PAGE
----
The stock market is highly affected by the current state of national and international economies, which means investing can be risky. Understanding what you are investing in – before purchasing any shares – will help minimise risks. These 9 things should always be taken into consideration before investing in any type of share.
1. Market Capitalisation on the Stock Market
Market capitalisation refers to the value of all outstanding common shares for a company multiplied by its current share price on the stock market. The market cap also includes certain types of securities that have been approved by the board to increase the size of the company’s equity without having an immediate influence on earnings per share or net tangible assets. Due to this, it is one of the most popular indicators used when assessing a company’s financial size and therefore offers some general advice into investing in that company.
2. The Company’s Financial Position
Insights into the financial position for a publicly-listed company can be obtained by contacting the investor relations office, or online through each company’s financial statements (which can often be found via their website). The statement will list assets and liabilities, as well as provide information on past performance, earnings, revenue, dividends paid out to shareholders, stockholders’ equity (a.k.a book value), capital structure (equity vs. debt), liquidity ratios and stock data including historical prices and volume figures. These are considered the key factors when investing in any type of share because they indicate how strong or weak a company is, financially. The main goal of investing is ultimately making money off these shares after all! However, they don’t necessarily give the full picture – so it becomes your job as an investor to always seek out additional information before you start investing.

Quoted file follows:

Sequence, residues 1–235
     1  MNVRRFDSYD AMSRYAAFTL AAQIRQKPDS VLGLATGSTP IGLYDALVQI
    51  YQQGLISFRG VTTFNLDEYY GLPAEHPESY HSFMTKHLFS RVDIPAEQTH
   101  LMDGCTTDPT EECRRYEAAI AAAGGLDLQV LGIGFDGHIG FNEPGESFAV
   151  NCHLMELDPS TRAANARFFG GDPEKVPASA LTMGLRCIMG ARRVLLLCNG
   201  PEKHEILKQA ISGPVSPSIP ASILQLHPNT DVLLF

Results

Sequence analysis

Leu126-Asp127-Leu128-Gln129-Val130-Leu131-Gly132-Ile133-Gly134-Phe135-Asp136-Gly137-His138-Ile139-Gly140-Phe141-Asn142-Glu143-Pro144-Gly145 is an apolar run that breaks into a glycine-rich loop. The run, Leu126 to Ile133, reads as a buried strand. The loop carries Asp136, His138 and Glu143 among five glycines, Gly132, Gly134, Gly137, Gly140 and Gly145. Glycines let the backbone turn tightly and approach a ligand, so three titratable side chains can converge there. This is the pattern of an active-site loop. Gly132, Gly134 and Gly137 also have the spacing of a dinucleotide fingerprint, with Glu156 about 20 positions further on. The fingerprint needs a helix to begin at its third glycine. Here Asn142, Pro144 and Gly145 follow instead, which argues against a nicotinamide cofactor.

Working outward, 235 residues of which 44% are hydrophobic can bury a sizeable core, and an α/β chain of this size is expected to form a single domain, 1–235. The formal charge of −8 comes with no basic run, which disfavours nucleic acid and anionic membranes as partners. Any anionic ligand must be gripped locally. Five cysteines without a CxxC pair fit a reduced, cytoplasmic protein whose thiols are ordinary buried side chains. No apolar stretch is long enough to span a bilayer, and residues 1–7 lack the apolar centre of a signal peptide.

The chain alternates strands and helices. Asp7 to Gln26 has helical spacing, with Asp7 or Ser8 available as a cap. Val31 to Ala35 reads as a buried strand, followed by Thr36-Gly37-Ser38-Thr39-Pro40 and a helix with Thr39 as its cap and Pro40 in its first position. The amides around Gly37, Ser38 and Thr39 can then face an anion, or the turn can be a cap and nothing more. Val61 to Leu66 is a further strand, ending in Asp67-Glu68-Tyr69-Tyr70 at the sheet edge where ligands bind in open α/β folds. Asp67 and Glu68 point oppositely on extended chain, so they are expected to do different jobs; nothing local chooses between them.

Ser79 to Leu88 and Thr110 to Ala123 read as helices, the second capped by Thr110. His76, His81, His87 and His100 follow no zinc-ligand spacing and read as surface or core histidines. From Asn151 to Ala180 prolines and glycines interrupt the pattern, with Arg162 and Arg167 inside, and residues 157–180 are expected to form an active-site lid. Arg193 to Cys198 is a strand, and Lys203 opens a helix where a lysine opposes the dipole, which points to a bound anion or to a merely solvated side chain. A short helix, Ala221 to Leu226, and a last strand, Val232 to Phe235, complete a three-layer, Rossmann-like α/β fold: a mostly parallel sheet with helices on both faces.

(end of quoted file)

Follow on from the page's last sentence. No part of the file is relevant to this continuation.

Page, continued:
3. The Company’s Business Model
The company’s business model is important because it outlines how the company makes money and what products or services they provide to customers. Without investing in companies’ stocks investors would not get access to investing so knowing how companies generate revenue is essential knowledge. While there are many different ways companies generate revenue, some types of businesses tend to be riskier than others. Here’s a quick breakdown of different types of businesses:
- Companies that directly offer goods or services (e.g., restaurants, clothing retailers, supermarkets etc.) usually take on the least amount of risk because the company already has a large base of repeat customers so it is unlikely that these stocks will ever fall below $0.
- Companies that indirectly offer goods or services include most manufacturing operations and mining companies. These types of businesses take on more risk than others because they must initially invest in production facilities and equipment before starting to generate revenue, and they may not necessarily know what the demand for their range of products will be like when they start selling.
- Companies with a Research & Development focus invest in creating new technologies, goods or services that may not even be offered to consumers yet. While investing in these companies can lead to large returns (if their R&D department is successful, that is), you should also consider the high amount of risk involved if their R&D efforts fail.
“Never invest in a business you cannot understand.”Warren Buffett
4. Managed Funds
Managed funds are investment vehicles that pool together the investments of many investors so they can purchase or sell larger amounts of stocks on behalf of their investing clients. Knowing how to invest in managed funds is an important first step for investing beginners because investing in these can be easier than investing directly on the stock market, especially if you have a smaller amount to invest.
Some of the different types of managed funds include unit trusts, bond funds and exchange-traded funds (ETFs). For investing beginners, understanding how this work is a good idea before investing in them because it can be easy for you to lose money if you don’t know what you’re doing.
5. How Long You Plan to Hold Your Investment For
When investing it is important to be aware of how long you plan to hold your investment because this will influence your buying decisions. What is/are your investment goals and objectives? If you are investing with the intention of holding onto your investment for longer, then investing in high risk but high return opportunities can be advantageous because if they do not pan out then there is that much more time left to recover.